“Since the programs’ inception, I’ve been a firm believer in the power of OK2SAY,” said Schuette. “OK2SAY has done more than save lives, its stopped violence and ensured that Michigan students have a safe place to learn and grow. We have come very far since this program started, but it is apparent that students and schools continue to need the program.”

To date, OK2SAY presentations have been presented to 500k students across Michigan and has reached 230 new Michigan new schools.

OK2SAY received 4,605 tips in 2017 which is an increase of 72% compared to 2016. Tips were received in 30 categories, the top five are as follows:

1,205 tips on suicide threats
961 tips on bullying
456 tips related to “other”
390 tips on self-harm
311 tips on drugs

2017 was the most successful year yet and 2018 is already on track to beat the record numbers.

“OK2SAY continues to be a valuable, even life-saving, resource for our students and the Michigan State Police is proud to support this important program,” stated Col. Kriste Kibbey Etue, director of the Michigan State Police. “No information or tip is ever too small to report because you never know when your tip could be the one that prevents a tragedy.”

See the report here.

WLEN Raises Over $2,000 for Lenawee American Cancer Society Relay for Life

Over 100 pies were donated from local businesses and celebrities and were auctioned off at the 19th annual 103.9 WLEN-FM (Adrian) Pie Auction. $2,572 was raised for the Lenawee American Cancer Society Relay For Life.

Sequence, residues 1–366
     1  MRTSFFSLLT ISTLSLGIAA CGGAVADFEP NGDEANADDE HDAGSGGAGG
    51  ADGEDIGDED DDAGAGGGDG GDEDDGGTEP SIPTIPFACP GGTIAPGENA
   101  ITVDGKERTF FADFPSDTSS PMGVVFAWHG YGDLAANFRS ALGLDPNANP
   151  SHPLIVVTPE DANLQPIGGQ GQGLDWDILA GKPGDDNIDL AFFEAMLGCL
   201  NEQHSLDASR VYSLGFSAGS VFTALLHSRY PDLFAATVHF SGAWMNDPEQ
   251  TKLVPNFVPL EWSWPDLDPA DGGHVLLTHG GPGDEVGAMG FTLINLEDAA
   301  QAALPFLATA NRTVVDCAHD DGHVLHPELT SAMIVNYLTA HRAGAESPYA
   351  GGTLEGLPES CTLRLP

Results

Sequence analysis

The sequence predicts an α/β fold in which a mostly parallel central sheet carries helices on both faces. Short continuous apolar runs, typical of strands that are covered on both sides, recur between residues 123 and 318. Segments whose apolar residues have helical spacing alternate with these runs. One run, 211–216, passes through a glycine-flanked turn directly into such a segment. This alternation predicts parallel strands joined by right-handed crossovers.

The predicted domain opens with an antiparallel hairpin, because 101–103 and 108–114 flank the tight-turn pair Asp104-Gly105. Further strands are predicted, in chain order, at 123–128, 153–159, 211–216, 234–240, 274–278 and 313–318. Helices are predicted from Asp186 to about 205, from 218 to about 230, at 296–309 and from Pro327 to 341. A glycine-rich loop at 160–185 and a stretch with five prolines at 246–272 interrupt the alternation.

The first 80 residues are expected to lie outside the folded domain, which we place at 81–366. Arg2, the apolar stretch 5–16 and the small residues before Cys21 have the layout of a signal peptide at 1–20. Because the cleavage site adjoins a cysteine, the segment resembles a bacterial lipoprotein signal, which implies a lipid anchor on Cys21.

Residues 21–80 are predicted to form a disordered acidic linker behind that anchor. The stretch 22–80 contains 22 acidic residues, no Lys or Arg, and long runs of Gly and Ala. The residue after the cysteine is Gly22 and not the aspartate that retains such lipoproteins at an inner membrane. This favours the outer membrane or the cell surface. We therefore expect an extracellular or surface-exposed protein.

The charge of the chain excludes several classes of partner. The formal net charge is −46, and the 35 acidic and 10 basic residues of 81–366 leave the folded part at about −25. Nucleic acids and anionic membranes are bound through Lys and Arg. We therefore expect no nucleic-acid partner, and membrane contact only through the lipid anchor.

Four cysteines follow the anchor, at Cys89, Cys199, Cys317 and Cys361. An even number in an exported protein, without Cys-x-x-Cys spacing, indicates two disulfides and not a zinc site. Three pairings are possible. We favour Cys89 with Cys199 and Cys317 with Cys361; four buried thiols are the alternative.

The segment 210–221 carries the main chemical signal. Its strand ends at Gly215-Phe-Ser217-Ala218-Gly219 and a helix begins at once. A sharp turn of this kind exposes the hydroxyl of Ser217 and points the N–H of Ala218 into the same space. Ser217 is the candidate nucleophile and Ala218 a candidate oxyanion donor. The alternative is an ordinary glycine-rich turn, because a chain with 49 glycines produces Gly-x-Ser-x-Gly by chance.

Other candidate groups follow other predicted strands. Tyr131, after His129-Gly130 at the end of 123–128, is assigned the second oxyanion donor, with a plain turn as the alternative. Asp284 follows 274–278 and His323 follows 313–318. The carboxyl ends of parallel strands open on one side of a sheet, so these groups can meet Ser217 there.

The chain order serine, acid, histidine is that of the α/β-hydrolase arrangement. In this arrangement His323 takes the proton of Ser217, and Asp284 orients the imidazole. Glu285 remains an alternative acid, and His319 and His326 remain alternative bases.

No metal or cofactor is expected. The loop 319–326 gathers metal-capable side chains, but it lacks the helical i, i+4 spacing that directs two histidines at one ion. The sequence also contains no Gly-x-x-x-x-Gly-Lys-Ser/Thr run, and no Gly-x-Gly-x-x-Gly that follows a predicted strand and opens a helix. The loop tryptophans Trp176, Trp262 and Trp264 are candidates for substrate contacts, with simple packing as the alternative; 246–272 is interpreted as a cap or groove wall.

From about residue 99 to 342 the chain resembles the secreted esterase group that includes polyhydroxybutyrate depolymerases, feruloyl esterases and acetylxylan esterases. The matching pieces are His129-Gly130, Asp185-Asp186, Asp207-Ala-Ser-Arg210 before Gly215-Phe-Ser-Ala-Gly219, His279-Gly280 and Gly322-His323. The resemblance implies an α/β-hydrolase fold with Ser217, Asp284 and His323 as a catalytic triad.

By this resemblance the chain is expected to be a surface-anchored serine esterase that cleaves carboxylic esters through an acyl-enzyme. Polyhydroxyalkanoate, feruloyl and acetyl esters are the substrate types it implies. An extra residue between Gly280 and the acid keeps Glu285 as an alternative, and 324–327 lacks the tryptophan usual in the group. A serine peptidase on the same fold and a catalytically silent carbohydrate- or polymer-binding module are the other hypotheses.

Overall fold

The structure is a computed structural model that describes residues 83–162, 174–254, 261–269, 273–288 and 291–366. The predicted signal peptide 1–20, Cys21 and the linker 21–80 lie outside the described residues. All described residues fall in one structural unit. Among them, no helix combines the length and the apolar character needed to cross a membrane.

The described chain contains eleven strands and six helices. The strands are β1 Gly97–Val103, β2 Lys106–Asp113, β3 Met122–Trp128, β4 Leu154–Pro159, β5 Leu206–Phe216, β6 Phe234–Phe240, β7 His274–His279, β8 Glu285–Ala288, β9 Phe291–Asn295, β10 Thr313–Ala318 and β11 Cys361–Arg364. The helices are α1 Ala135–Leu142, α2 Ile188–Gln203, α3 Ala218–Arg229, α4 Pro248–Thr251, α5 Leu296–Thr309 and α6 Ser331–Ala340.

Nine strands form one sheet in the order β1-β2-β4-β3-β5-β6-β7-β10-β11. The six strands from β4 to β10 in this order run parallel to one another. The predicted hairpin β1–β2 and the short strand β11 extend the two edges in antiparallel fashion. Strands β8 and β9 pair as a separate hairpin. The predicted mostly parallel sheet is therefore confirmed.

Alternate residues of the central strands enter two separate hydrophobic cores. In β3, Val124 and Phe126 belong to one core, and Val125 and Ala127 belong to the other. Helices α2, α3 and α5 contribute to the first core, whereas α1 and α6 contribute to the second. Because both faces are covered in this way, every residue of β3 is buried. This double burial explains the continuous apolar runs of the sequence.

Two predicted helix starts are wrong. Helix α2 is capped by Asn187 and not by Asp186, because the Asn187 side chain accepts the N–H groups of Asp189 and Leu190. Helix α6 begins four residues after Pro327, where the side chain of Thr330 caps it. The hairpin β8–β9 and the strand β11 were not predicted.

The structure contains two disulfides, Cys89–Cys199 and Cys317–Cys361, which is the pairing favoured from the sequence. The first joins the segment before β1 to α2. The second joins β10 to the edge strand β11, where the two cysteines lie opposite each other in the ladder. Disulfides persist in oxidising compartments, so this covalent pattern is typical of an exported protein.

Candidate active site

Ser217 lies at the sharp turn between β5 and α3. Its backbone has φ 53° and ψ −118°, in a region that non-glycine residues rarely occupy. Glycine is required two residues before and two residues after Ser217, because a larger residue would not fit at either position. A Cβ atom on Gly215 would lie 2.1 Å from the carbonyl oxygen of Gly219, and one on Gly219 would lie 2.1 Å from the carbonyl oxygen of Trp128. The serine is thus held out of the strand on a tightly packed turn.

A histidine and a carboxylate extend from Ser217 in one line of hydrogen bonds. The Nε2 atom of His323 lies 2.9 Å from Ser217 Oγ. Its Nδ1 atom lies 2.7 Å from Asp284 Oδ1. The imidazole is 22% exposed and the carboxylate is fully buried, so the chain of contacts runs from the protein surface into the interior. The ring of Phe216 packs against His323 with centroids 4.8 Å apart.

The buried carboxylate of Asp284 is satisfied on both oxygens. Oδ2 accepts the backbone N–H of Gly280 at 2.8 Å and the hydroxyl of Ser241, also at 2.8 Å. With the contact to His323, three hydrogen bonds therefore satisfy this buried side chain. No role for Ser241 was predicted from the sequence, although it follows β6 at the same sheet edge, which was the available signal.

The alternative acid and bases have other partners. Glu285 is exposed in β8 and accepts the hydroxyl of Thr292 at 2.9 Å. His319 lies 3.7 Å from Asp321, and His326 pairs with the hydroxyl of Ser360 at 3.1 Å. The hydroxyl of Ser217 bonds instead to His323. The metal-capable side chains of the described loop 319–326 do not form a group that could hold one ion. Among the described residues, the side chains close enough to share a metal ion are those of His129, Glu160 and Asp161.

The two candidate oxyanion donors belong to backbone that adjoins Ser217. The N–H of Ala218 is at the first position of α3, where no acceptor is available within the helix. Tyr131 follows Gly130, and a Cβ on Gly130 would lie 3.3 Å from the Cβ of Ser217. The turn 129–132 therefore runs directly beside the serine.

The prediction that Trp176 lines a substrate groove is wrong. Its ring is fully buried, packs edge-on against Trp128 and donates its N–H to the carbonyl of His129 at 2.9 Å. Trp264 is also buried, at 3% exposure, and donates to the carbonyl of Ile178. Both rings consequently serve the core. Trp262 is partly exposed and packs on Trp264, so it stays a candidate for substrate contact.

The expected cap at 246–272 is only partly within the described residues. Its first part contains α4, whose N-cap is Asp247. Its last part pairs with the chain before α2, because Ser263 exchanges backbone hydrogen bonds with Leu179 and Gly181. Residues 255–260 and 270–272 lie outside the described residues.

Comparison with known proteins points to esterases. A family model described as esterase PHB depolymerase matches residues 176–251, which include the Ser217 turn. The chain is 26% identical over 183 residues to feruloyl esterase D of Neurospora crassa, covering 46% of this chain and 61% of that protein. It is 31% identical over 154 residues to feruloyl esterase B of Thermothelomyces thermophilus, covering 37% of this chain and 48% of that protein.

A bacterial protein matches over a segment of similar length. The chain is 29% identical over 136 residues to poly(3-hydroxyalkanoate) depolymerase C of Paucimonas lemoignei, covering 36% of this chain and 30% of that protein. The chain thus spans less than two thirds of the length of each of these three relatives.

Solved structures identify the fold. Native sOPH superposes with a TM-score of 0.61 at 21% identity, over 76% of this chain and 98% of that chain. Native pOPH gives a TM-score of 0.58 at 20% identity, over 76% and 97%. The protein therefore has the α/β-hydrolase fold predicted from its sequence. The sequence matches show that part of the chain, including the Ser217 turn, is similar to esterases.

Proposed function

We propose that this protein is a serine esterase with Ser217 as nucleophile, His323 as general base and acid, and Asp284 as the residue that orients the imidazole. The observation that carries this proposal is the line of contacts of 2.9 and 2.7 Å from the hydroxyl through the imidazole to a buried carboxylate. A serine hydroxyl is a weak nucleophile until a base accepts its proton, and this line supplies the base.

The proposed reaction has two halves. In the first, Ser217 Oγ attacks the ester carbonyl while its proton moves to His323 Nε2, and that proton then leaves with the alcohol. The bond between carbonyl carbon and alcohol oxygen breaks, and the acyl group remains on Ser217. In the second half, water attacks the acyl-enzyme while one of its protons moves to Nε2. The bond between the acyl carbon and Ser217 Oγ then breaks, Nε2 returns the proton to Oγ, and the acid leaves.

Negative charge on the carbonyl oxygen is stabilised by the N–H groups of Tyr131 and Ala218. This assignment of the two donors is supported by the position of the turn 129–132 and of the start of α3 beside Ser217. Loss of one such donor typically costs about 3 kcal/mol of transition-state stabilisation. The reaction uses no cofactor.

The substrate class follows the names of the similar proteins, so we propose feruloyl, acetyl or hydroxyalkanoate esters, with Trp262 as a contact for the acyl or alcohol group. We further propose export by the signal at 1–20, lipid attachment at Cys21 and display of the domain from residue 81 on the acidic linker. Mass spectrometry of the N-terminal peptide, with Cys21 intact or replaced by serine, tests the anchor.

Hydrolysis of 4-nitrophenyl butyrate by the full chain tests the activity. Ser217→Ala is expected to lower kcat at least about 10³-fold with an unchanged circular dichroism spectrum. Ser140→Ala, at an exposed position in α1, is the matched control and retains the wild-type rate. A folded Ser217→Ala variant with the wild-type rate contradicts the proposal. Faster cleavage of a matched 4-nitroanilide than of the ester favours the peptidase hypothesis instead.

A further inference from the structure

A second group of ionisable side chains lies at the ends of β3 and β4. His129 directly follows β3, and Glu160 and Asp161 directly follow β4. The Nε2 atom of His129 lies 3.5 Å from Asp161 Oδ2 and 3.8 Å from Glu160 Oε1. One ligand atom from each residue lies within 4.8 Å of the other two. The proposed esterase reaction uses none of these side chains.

The auction was held June 20.

One sponsor, County National Bank, donated $2.50 for every pie sold up to $250 to support Lenawee Relay For Life.

What exactly is Relay For Life? Their website, acsevents.org, describes Relay For Life as: “… a team fundraising event where team members take turns walking around a track or designated path. Each event is 6-24 hours in length and each team is asked to have a member on the track at all times to signify that cancer never sleeps.

WLEN is thanking their listeners for once again supporting the Lenawee American Cancer Society Relay For Life.

NAB Files Comments with the FCC on C Band

According to the Radio World report, the Federal Communications Commission (FCC) is considering whether C Band spectrum should potentially be opened up for sharing with wireless operators.

The National Association of Broadcasters filed comments with the agency urging the agency to require supporters of the proposal to submit specific and detailed technical reports to the commission. “That is the only way to allow stakeholders to provide informed comments and analysis to guide the commission’s decision-making process,” the NAB said. Chairman Pai plans to put the item up for a vote at the July 12 open meeting.

FCC Rejects LPFM Objections against Pending FM Translator Applications

According to the Broadcast Law Blog, the FCC’s Media Bureau released a decision letter rejecting an objection filed by three groups advocating on behalf of LPFM stations against almost 1000 FM translator applications.

The grounds for the objections included claims that Section 5 of the Local Community Radio Act (LCRA), an act setting some ground rules for the relationship between LPFM stations and translators, mandated that the FCC evaluate each of these applications for its individual impact on LPFM opportunities in the future. Once the objection was rejected, the FCC resumed processing of pending applications.